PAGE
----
Strength Training Vs Cardio

Strength Training Vs Cardio

Is it more important to do strength training or should cardio be your focus. That’s actually a trick question, since you need both. You also need workouts that improve your balance and flexibility. Exercise isn’t an either or proposition. You can do all types of exercises in your workout. One thing to remember, especially for strength training, is that your muscles need a day or two of rest if you’re trying to build muscle tissue. Strength training makes microtears in the tissue and when those tears heal, it builds muscle tissue.

Strength training is important, particularly as you age.

If you’ve done the right type of strength training all your life, when you reach seventy, you’ll have the same muscle mass as someone in their 20s. You don’t have to lose muscle mass, but if you don’t workout, it happens. Strength training improves the quality of your life and helps you live longer independently. It helps prevent injury and can prevent loss of both muscle and bone density.

Strength training is important, but so is cardio.

If you’ve ever felt you needed a rest or couldn’t catch your breath after walking up a flight of stairs, you understand why cardio is important. Cardio, like strength training, burns calories, helps you sleep well at night and can improve your mood by burning off stress hormones and replacing them with endorphins. Cardio also is important for the heart muscle, aids in appetite control, helps control blood pressure and reduces the risk of heart disease and diabetes. It improves your aerobic capacity, so you’ll have greater energy.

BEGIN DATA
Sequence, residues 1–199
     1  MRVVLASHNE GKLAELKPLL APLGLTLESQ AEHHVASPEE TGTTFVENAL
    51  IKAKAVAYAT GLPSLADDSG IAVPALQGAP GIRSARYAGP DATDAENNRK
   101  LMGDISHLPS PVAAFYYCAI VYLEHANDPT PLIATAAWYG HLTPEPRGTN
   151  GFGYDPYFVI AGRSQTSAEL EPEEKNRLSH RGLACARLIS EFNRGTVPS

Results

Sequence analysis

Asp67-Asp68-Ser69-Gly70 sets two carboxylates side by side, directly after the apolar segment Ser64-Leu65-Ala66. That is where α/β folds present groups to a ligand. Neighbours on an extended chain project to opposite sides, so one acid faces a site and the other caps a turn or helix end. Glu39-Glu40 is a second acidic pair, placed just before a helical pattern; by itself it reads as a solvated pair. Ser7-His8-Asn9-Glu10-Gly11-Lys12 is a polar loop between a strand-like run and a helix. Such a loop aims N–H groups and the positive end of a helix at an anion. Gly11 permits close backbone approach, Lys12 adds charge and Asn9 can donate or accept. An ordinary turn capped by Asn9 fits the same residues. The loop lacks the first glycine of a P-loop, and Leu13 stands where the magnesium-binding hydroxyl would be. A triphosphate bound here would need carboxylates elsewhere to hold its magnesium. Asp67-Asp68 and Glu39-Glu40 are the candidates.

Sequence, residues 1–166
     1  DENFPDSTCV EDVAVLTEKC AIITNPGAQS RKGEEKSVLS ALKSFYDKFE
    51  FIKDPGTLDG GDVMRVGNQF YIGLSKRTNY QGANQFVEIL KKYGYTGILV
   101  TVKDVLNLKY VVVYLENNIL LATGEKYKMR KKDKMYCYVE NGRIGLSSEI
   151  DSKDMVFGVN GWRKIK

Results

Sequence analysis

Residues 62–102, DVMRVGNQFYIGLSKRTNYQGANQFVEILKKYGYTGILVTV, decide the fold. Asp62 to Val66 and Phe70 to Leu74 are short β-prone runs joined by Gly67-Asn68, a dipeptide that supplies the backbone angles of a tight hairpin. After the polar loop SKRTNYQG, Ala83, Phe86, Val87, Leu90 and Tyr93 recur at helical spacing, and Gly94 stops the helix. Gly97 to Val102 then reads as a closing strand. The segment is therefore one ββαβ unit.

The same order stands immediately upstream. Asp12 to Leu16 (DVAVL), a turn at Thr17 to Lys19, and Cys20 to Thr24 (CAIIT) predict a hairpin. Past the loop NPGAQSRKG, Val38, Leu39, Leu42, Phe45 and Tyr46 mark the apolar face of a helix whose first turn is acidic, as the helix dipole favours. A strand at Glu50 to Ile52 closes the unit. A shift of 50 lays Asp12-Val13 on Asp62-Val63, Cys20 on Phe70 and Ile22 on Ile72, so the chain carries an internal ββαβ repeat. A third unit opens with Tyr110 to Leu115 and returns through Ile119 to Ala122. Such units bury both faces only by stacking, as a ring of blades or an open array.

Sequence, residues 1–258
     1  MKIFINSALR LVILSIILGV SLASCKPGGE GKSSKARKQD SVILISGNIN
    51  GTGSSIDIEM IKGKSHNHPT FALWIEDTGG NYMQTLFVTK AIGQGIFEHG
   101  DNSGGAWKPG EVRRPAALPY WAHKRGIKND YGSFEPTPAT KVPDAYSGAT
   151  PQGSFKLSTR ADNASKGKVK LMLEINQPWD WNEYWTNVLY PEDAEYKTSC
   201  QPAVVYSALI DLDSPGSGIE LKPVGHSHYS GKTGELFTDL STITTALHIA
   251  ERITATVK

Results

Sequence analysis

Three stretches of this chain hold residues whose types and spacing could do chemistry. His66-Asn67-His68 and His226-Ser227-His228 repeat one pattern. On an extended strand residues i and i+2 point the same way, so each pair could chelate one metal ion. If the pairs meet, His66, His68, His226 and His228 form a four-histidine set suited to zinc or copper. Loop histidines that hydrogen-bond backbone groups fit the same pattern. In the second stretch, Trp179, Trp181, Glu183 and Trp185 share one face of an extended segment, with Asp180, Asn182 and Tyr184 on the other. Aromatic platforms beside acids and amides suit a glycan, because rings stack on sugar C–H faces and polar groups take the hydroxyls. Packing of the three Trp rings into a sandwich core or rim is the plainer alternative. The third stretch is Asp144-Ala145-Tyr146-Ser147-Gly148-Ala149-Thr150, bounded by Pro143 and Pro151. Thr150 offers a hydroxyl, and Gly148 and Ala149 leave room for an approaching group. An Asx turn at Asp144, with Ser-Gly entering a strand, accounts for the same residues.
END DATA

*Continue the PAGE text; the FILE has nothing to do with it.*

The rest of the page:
There’s a saying that weight training changes your shape, while cardio changes your size.

In other words, you need both. You also need flexibility—range of motion—and balance training to avoid injury. Luckily, some exercises are combinations of the two. If you’re walking, you’re doing cardio, but also weight bearing exercises that build leg strength. Many exercises build flexibility and balance as they build muscle and endurance. Varying your workout not only ensures you’ll get all four types of exercise, it also ensures you’ll work all muscles, avoid weight plateauing and make exercise more interesting so you don’t get bored.

  • Turning your strength training into a HIIT—high intensity interval training—workout can provide both strength training and aerobic training. The same is true of interval training for strength.
  • You don’t have to lift weights to get strength training. Bodyweight training, resistance bands and even yoga or Pilates offer some strength training features. Running isn’t the only cardio available either. One form of cardio many people love is dancing.
  • Doing everyday tasks can improve your strength and cardio fitness. Park further from the store and carry your groceries without a cart or take the steps instead of the elevator.
  • No matter what exercise program you choose, make sure it has all four elements, cardio, strength, flexibility and balance. You need all forms to be your healthiest.

For more information, contact us today at A Strong Life

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